Reframing “CRO”; It’s Financial or Revenue Maximisation

If you’re reading this, you almost certainly already know that CRO stands for “Conversion Rate Optimisation“; but as with a wide variety of commonly-used terms in the digital world, “CRO” as it is practiced is (generally) focused on Financial or Revenue Maximisation (FoRM).


This post began in the way that many do; I was looking to explain some of the fundamentals of our trade to a junior colleague of mine and in doing so, was forced to consider the realities of the work I do. I’ve always believed that you can only really begin to understand what you do and why you do it if you try to explain it to somebody else, and this was a great example.

So let’s start at the beginning; corruption of terms (and especially TLAs) that have become part of our everyday language is commonplace. We know that what we’re saying isn’t the whole truth any more, but the term (in this case CRO) has almost become a proper noun, no longer directly descriptive of its actual meaning. For instance, how many times have you heard yourself speaking about Unique Selling Points (USPs) and saying that “Free Delivery” should be one of them? It may well be a Selling Point, but it certainly isn’t Unique.

CRO/FoRM in Post-its

Now onto the meat of it; I started to explain to my colleague that for most clients, the goal is Additional Revenue (AR). And in order to deliver additional revenue, we have two levers; Conversion Rate (CR) & Average Order/Booking Value (AOV) – to aid with the visualisation, I drew the following diagram:


The shaded area in the middle of the line was designed to represent the general area in which we operate; the area in which the “sweet spot” between CR & AOV can be found to maximise revenue. And what I was attempting to explain is that a perfectly optimised CR (i.e. 100%) would in fact be detrimental to most clients’ goals of AR.

But having tried to use that as the explanation, I realised that in fact the diagram should’ve looked somewhat different. So I drew a new version:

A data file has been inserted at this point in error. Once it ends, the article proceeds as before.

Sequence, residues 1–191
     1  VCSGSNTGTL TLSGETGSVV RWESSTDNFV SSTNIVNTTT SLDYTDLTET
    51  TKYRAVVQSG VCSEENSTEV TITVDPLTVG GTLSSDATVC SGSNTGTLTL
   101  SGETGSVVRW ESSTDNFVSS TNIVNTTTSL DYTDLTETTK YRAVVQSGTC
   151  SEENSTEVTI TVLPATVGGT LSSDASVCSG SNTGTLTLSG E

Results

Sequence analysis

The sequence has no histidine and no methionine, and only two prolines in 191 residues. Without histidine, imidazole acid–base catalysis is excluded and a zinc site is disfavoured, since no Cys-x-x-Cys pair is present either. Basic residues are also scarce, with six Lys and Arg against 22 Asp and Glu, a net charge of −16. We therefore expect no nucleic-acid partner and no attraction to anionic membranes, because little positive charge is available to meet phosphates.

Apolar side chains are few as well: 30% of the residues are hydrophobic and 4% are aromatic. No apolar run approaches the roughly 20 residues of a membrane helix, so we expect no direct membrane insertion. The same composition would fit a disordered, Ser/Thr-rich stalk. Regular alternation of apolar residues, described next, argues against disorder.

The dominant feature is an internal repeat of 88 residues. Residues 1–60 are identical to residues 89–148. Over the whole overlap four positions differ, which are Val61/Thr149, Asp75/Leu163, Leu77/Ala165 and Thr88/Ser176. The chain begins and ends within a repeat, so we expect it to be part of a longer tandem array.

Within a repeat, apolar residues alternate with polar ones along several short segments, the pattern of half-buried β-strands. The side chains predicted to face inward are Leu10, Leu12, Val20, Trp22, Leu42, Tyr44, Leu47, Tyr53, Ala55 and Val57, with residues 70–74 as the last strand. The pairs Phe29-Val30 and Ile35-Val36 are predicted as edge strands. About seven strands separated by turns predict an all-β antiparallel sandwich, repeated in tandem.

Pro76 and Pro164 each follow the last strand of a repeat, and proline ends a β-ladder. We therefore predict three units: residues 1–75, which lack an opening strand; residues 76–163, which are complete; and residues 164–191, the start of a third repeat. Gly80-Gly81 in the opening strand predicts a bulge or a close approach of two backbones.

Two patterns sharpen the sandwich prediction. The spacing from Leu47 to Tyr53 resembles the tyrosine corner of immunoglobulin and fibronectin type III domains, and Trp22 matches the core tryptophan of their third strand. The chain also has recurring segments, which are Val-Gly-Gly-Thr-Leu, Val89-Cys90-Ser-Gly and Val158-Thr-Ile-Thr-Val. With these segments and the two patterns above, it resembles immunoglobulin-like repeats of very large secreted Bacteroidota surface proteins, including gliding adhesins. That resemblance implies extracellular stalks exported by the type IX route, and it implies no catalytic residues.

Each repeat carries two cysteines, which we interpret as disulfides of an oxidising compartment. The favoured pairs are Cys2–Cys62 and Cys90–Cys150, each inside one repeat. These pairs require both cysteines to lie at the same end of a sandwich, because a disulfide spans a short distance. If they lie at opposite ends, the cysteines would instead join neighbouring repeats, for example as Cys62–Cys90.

Now the bell curve shows a much clearer visualisation of what the optimiser’s job is really about; finding that point at the top of the curve that perfectly balances CR & AOV to deliver maximum revenue. But then the conversation took a more complex turn when we brought in the spectre of “brand”. What impact does a client’s brand positioning have on the shape of their bell curve? For that, I needed another diagram:


For brands that position themselves as “budget”, there is a very visible limit as to how high their AOV can go without being detrimental to their business. They can hardly position themselves as a “value for money” if you double their AOV for the same product, for example. As such, their bell curve is weighted more heavily towards CR. On the “luxury” side, we have the complete reverse. For a luxury brand, the cost of the product itself is part of the brand image, which is also helps to deliver its relative scarcity in the market. If the price (and therefore AOV) is decreased in favour of CR, the product could become too attainable and suddenly it isn’t luxury anymore.

So What Difference Does It Make for CRO?

Well I would (naturally) argue that it makes a huge difference.

  1. Accepting that, for most clients, this job about revenue maximisation will put you on the right path. If you can’t see that goal, you cannot consistently deliver on it.
  2. Recognising that “CRO” perfection (i.e. 100% CR) would actually be detrimental to most clients. As with most things, it’s about achieving balance.
  3. Realising that a client’s brand positioning should have a substantial impact on the goals that you set for their optimisation programme.

Of course this one blog post is highly unlikely to alter the use of the term “CRO”. And I have also personally worked with clients for whom a financial return on investment isn’t their primary goal. But the reality is that the vast majority of businesses, CRO is an investment and they expect their employees and suppliers to work towards FoRM all the same.

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